Talk:Mafia: The City of Lost Heaven
One of the things I liked about this game was it's attempt to be (for a computer game) quite realistic. You could only carry a limited number of big weapons and most importantly the reloading was realistic, for example if you fire only a portion of the ammo from your handgun or Thompson then reload, any remaining rounds are lost in the discarded magazine (or in the case of revolvers ejected by the ejection lever).
With ammunition capacities limited also as an attempt at realism this meant you had to take care in your tactics - do you use up each magazine/clip/chamber before reloading risking being caught empty mid fire-fight, or reload after every encounter so you have the full load at hand for the next fire-fight but risk running out of ammunition far sooner....
Weapons that could be topped up without loss (shotgun & rifles) were obviously not affected and this could impact what you selected for a mission.
Sadly in Mafia 2 this was dumped in favour of being able to carry 4 hand guns and 7 long arms at the same time, plus ammo, and you never lost a round when reloading after only part using up a mag....
Bring back the realism!
- From what I've read, the realistic aspects ended up "sleeping with the fishes," along with the larger, free-roaming game world promised to us for Mafia II. Many key personnel involved in the development of Mafia: The City of Lost Heaven jumped ship from the sequel's development when they took issue with how it was going. Unfortunately such "lone dissenting voices" are rarely listened to in today's big budget, big-expected-returns game development environment. --Mazryonh 11:13, 26 September 2011 (CDT)
- Yet another thing I agree with you completely on, Mazryonh. :) --MattyDienhoff 14:06, 26 September 2011 (CDT)
- It's sad, really. Mafia: The City of Lost Heaven belongs to another era of gaming, wherein a small developer could make an enormous world full of atmosphere, to the artists' specifications. Sadly, games like these are more or less extinct, unless you are Hideo Kojima or Rockstar Games (Red Dead Redemption is probably the best modern example of a period piece game with a large world). The expectation to always make monstrous profit on your investment now has more or less crippled the opportunity for developers to make anything other than bandwagon-jumpers for games right now, and things like realism clearly aren't things the current crop of casual gamers will tolerate or accept right now. Money may solve many problems, but it too is its own problem.--Mazryonh 21:06, 26 September 2011 (CDT)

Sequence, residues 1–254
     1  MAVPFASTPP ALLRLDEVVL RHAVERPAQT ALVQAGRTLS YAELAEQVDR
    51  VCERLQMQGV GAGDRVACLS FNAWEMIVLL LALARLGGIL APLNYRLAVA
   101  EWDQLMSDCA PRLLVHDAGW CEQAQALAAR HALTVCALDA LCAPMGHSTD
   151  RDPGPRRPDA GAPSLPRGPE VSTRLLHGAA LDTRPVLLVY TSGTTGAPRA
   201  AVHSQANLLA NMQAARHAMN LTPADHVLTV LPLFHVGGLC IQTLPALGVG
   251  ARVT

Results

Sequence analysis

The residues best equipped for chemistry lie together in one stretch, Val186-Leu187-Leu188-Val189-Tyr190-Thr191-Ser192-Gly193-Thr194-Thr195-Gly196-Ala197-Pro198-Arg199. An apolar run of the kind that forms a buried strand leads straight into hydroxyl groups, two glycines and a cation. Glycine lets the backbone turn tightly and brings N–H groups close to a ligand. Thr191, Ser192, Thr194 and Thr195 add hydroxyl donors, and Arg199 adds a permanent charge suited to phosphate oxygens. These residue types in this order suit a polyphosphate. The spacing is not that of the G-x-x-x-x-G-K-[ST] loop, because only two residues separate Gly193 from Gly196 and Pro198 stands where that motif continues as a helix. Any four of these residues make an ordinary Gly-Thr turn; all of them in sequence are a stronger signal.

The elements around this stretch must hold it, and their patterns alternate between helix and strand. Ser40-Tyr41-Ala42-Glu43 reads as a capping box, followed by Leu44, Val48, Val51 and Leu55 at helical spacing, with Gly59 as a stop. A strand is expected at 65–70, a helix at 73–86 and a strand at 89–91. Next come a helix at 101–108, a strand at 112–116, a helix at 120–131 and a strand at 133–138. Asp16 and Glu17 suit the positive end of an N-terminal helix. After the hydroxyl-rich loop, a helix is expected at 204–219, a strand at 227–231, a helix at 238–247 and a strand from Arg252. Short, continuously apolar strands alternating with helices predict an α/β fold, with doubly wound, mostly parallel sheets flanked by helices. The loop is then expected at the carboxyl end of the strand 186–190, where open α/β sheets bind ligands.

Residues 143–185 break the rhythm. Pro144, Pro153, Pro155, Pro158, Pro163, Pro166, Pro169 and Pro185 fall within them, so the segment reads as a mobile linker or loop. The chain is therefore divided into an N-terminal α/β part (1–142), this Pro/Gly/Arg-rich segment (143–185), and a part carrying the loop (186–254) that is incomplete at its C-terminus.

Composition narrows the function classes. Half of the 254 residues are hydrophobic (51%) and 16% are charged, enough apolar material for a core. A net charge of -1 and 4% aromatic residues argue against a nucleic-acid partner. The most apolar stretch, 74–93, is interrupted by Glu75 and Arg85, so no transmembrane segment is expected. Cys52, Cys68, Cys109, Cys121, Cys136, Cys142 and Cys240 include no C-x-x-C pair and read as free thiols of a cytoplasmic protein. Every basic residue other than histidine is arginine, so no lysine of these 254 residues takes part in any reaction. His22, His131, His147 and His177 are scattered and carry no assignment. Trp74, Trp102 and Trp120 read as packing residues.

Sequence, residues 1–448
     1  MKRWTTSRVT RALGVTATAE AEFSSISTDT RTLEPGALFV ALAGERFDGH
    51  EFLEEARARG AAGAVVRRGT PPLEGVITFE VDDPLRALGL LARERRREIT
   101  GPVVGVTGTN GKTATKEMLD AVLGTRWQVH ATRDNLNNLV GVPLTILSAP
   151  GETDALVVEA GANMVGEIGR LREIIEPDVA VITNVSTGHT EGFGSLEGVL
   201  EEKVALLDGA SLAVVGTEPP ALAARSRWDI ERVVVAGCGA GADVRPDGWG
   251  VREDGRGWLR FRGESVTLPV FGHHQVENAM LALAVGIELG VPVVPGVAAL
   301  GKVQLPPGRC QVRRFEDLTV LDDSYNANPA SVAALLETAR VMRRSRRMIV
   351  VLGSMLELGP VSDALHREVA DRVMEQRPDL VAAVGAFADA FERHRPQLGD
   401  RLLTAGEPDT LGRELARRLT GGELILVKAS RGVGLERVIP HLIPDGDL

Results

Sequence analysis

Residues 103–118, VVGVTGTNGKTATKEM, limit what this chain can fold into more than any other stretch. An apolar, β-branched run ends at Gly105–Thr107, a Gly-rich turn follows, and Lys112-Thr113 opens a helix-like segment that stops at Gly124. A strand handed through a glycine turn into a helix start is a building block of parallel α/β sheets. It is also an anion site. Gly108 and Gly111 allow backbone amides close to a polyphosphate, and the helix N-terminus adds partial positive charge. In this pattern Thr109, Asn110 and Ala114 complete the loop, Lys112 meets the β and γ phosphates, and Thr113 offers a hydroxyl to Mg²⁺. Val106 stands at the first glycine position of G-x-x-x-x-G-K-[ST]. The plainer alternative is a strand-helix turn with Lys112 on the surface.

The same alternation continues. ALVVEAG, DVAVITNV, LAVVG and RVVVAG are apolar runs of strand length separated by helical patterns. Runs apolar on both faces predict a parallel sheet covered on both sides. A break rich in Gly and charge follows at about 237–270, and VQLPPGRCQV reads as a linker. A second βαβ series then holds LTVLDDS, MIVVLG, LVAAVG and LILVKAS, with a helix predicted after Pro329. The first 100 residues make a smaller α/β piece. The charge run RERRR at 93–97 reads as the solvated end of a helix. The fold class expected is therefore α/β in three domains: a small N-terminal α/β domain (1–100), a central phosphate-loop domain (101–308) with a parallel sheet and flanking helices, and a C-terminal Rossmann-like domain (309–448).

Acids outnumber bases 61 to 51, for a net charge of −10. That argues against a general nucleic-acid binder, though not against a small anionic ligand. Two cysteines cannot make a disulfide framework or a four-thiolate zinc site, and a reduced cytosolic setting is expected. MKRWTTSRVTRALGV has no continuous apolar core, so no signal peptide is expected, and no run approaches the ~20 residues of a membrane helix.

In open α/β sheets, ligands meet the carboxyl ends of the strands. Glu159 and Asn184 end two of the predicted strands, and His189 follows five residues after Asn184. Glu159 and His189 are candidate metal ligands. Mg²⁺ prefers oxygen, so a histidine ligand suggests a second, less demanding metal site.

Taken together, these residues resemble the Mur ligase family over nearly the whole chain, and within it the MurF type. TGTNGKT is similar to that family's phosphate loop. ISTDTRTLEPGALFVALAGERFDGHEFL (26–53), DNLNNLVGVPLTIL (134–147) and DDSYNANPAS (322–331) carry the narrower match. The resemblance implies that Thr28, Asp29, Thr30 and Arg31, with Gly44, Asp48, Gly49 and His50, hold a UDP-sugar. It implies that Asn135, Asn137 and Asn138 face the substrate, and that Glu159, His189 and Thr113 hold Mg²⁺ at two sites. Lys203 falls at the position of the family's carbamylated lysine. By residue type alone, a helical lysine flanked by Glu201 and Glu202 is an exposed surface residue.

It's actually M1897 (long barrel version). Pay attention to the stock and receiver box. --Slon95 16:07, 27 July 2015 (UTC+2)
Was thinking about it while reading the page, specifically how it didn't exist at the time of some missions and probably wouldn't be that common a gun for a while after introduction, figured that MAYBE it'd be more plausible that the gun is a S&W Heavy Duty in .38/44? Unless they say it's a .357 or a Model 27, then disregard my speculation. S&Wshooter (talk)
- Plausible, but I figure there's a reference to it being a Magnum. Absent of that, we go by visual evidence, and though the gun model isn't that good it looks to have a squared off front sight like that on the Reg. Magnum/Model 27 rather than the rounded one on the Heavy Duty/Model 20. Also has the ribbed barrel of the Magnum as well, rather than the plain barrel of the Heavy Duty. On a slightly related note, I think the Model 442 (which is a considerably recent gun) is actually meant to be an older (though still anachronistic) Model 40. StanTheMan (talk) 02:14, 15 January 2017 (EST)
- In the game there is another gun, that is not used directly in the gameplay, but is seen in the main menu, on some loading screens, as well as displayed on the HUD icon of the maximum wanted level. To me, it looks strange, since it seems to be some kind of mix of M1911 and M1911A1. -Slon95 (talk) 08:10, 15 January 2017 (EST)
- Actually looks like an A1, some the features are kinda poorly done (particularly the trigger relief cut) but they are there - relief cut, A1-style hammer, longer beavertail, curved mainspring, and larger ejection port. Only part that could be considered original 1911-ish is the wide trigger, and that's not that big a deal - Many post-A1 .45s have them also. StanTheMan (talk) 14:58, 15 January 2017 (EST)